There is no question that Stephen King is one of the most popular and successful authors of all time. His novels, It, The Stand, and Misery have been translated into dozens of languages and sold over 500 million copies worldwide. Furthermore, King has been named one of the top ten living geniuses by Inc. Magazine and one of the top hundred most influential people in the world by The New York Times. Needless to say, King is successful due to his exceptionally good writing and storytelling abilities.
However, despite his phenomenal success, author Stephen King has acknowledged that he is not perfect and has had to overcome his share of writer’s block. In his book “On Writing: A Memoir of the Craft,” King candidly offers advice on how to avoid some of the common pitfalls that hinder many a would-be author from seeing their work prosper in print.
The Importance Of Structure
King begins by discussing the most basic and fundamental elements of writing: structure and pacing. King suggests that readers should not be presented with lengthy expository passages or overly descriptive scenes; this makes his novels difficult to put down because the stories are so action-packed that the pages just keep on turning. As he puts it, “I want the reader to feel that they’re going somewhere; I don’t want them to feel like the author is just talking at them.” It is crucial, King argues, that the narrative drive and action be maintained at all times, even if certain descriptions or explorations of character are meant to be a bit more poetic or the pace a bit slower. The overarching goal is to keep the audience interested and entertained until the very end.
The Function Of Description
In his description of the novel’s structure, King also stresses the importance of using effective descriptive passages. These are vital in bringing the story to life and making the world of the narrative more vivid and appealing. The problem is that many novelists, particularly in the early stages of their writing careers, lack the confidence to experiment with language and tend to overuse similes and metaphor. This can make the work sound less imaginative and original than it really is. Descriptive passages should be used judiciously and, when necessary, for stylistic purposes only. When describing a subject in great detail, it can be helpful to step back and try to see the whole scene from a higher perspective.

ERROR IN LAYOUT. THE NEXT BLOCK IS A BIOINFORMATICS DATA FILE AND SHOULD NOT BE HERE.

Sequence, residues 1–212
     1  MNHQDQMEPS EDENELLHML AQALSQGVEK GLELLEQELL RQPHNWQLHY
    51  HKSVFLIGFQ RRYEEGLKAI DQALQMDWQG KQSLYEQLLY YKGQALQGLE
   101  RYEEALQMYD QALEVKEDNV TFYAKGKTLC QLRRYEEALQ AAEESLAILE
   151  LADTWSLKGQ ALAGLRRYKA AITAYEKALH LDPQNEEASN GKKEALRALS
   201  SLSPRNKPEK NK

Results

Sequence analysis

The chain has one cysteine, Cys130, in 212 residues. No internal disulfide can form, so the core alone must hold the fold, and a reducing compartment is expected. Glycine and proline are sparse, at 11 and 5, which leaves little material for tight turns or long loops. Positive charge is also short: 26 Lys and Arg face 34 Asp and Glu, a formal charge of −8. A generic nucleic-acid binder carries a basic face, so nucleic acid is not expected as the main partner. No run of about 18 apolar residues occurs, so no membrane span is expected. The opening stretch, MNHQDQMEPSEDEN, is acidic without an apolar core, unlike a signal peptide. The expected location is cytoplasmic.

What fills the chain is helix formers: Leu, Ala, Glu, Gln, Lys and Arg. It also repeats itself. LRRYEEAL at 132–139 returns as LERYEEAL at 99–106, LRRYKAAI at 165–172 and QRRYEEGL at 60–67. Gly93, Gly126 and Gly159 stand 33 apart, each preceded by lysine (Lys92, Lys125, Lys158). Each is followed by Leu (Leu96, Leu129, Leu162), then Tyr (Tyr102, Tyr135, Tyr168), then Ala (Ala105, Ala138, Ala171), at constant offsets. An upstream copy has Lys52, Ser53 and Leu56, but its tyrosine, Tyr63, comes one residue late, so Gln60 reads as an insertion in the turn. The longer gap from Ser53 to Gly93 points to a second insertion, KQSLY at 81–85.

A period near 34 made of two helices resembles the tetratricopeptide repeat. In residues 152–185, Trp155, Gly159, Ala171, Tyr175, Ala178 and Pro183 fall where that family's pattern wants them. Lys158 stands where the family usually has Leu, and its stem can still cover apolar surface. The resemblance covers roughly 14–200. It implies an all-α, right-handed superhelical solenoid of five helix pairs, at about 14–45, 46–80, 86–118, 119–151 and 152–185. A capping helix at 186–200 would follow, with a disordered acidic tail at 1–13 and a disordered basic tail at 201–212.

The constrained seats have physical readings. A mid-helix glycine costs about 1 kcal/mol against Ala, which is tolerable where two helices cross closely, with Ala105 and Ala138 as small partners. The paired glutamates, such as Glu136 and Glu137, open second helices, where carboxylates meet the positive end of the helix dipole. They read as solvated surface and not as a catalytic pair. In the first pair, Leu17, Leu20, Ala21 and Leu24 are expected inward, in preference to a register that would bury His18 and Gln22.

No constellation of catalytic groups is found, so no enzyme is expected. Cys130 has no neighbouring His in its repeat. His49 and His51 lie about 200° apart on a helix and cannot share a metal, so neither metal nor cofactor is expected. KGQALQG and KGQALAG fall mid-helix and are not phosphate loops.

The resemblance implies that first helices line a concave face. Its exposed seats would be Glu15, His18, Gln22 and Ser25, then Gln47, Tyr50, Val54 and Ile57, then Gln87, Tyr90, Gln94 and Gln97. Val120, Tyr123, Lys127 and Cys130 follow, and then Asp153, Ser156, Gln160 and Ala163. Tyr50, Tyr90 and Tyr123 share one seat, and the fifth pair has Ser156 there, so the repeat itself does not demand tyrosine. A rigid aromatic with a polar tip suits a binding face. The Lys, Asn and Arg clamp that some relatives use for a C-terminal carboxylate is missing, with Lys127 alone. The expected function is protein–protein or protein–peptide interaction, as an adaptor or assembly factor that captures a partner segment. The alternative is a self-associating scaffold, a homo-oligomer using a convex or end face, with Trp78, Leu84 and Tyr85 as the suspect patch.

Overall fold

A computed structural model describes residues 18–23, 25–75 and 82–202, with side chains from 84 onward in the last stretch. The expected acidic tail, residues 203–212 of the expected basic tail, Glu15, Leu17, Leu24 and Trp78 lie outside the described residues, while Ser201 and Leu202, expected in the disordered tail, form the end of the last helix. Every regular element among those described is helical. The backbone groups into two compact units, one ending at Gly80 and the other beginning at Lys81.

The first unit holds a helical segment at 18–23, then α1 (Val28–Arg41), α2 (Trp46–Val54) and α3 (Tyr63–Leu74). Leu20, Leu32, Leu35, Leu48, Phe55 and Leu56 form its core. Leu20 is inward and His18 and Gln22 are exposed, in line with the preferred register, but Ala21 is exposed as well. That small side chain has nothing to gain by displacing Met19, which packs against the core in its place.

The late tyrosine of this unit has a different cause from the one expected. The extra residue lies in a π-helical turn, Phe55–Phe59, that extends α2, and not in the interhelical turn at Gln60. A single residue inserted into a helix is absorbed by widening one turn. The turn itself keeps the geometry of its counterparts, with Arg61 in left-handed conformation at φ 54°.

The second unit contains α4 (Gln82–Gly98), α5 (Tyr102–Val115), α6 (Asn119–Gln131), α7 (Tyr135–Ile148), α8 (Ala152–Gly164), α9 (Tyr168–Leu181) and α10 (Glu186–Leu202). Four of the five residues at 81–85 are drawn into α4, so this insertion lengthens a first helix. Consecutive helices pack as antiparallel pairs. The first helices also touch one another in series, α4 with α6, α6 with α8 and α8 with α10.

The Value Of Clarity
One important lesson that King stresses over and over again in his book is the need for clarity. This is vital for any writer, but it is especially pertinent for non-fiction writers who want to move beyond generalizations and superficial observations. He urges his readers to strive for precision in their work and to avoid the use of nebulous language. The novel’s prose should be both vivid and easy to understand. This is not to say that the writing must be flowery or overly complicated; quite the opposite, in fact. Concision and simplicity are the hallmark of good writing. Too often, particularly in the early stages of a career, novelists will wax poetic and expository, filling page after page with needless verbiage. This not only makes the work extremely verbose but also tends to reduce its readability. When writing non-fiction, particularly in the early stages, it is important to keep the language as simple as possible; the fewer words, the better. Besides, an easy-to-understand language enhances the work’s appeal to a larger audience.
The Danger Of Unreliable Memory
Another issue that King discusses at length is the danger of unreliable memory. This is a problem that every writer faces to one degree or another, and it can greatly impact a work if not dealt with effectively. In some cases, the unreliable nature of memory can lead to the author distorting or even completely fabricating details about the events that gave rise to the story. In extreme cases, it can even lead to the author simply making things up as he goes along. For this reason, King stresses the importance of maintaining a constant vigilance of one’s memory and being extremely wary of what one writes down during the course of one’s research. If the information turns out to be inaccurate or insufficient for the task, the entire work can be rendered useless. This is a great cautionary tale for any writer, but it is particularly pertinent for non-fiction writers who want to avoid the many pitfalls that can make or break a work of history. In light of this, it is important to remember to question everything, including one’s own memory. Only then can one be sure that one’s opinion or observations are as accurate as they can be and that one’s work will withstand the test of time.
Ultimately, Stephen King’s advice on writing is anything but easy. As he states in his book, “Writing is hard; it’s not something you can learn in school. You have to be passionate about it to make it worth your while.” Nevertheless, the rewards can be truly extraordinary if you put in the necessary effort. For this reason, King’s advice on writing should not be overlooked by any would-be author.